Historic Fruit Hill Series
A Collection Of Work In Cherry and Walnut From The Woods Of An Historic Farm
About Fruit Hill
The land surrounding historic Fruit Hill, roughly one and a half miles northwest of Shepherdstown, traces back to the 1750 patent obtained by Thomas Swearingen from Lord Fairfax. In 1766, Swearingen’s son sold a large tract of the land to Henry Cuckas and his wife Catherine (note that the spelling of the purchaser’s last name seems not to ever been spelled twice the same way in pertinent documents, and appears as well as Cuckos, Cuckas and Cookes). In a passage from Dr. Millard K. Bushong’s 1972 work, Historic Jefferson County, two “interesting” buildings are described at the property, the oldest being the two-story stone house “probably built before the Revolutionary War” with the then-common feature of a stream running underneath it (to ensure water supply in the event of attack) and the brick Greek Revival main house, built by the son of Archibald Robinson in 1830. Robinson the elder had acquired the stone house and 179 acres from an intervening owner, the Burkitt family, in 1822. The direct descendants of Archibald Robinson still live at Fruit Hill, which is also known as the Robinson-Andrews-Hoxton House, and was the birthplace and boyhood home of noted historian Matthew Page Andrews. Fruit Hill was added to the National Register of Historic Places in 1988.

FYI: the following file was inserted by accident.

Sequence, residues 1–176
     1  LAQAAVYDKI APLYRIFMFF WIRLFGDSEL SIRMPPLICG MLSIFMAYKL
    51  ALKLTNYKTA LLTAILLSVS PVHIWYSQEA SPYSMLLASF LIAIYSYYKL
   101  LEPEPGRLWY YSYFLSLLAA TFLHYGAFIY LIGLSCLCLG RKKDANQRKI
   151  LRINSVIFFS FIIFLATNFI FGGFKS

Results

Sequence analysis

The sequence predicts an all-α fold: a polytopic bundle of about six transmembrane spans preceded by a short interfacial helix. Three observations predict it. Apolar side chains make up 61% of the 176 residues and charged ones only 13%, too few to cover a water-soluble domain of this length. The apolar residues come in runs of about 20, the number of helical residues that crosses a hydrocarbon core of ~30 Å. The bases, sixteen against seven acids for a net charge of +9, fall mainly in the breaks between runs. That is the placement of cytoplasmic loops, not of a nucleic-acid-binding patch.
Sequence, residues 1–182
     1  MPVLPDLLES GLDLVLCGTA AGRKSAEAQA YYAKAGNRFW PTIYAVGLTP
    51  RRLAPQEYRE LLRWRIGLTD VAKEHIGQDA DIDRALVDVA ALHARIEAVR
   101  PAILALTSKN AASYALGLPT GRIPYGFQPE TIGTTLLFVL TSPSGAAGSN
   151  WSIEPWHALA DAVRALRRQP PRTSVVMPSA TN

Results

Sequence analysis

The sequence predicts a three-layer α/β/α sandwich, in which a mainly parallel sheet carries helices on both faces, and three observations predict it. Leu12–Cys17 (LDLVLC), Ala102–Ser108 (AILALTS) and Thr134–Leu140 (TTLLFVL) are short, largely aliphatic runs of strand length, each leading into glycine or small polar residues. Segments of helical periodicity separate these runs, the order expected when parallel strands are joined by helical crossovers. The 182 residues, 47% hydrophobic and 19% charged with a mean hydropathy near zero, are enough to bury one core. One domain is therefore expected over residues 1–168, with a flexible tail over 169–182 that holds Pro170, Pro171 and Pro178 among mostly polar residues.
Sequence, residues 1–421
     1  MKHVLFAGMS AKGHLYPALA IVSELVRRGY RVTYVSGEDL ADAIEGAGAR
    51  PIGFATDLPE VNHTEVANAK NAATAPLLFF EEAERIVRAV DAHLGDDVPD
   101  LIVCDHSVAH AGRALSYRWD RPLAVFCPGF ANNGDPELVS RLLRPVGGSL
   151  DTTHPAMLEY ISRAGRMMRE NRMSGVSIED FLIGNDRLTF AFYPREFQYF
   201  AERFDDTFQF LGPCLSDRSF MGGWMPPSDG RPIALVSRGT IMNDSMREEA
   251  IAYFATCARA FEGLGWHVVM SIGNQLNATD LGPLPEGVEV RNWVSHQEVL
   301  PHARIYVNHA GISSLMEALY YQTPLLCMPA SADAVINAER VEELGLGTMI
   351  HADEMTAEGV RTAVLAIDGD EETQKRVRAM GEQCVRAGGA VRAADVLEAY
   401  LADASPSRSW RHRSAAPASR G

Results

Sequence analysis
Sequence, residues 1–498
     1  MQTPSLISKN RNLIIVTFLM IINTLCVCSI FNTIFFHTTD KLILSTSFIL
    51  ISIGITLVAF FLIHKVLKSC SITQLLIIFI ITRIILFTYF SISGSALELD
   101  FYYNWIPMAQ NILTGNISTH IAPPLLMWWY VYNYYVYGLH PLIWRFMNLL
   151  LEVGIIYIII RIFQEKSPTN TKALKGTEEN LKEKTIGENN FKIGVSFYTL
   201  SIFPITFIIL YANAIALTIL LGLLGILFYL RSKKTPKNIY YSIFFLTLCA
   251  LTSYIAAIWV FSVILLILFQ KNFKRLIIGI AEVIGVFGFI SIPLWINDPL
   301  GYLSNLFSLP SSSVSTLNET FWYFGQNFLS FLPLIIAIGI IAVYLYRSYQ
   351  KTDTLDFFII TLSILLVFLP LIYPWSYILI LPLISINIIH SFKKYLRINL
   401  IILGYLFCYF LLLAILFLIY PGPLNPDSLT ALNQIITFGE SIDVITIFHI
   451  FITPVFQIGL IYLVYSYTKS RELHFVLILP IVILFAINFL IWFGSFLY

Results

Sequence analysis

One Fine Day At Fruit Hill
I recently spent several hours harvesting turning stock and fire wood with Rob Hoxton, direct descendant of Archibald Robinson and the CEO and Director of Business Development at HFI Wealth Management in Shepherdstown. Rob and I wrestled a large Cherry Tree to the ground and, despite my lack of experience using a 37 ton wood splitter, eventually got a good rhythm going as the wood pile grew larger. We also toured the acreage of Fruit Hill Farm, and I have to admit being envious of the childhood he spent exploring and working at this special place of serenity and historic significance. Rob's Dad, Archibald R. Hoxton III, has hinted at some fascinating stories to be told of this place, so as I harvest turning stock the Hoxton and Taylor Families have so generously made available, I look forward to being regaled with tales - some of which you won't find in the history books - of life at Historic Fruit Hill.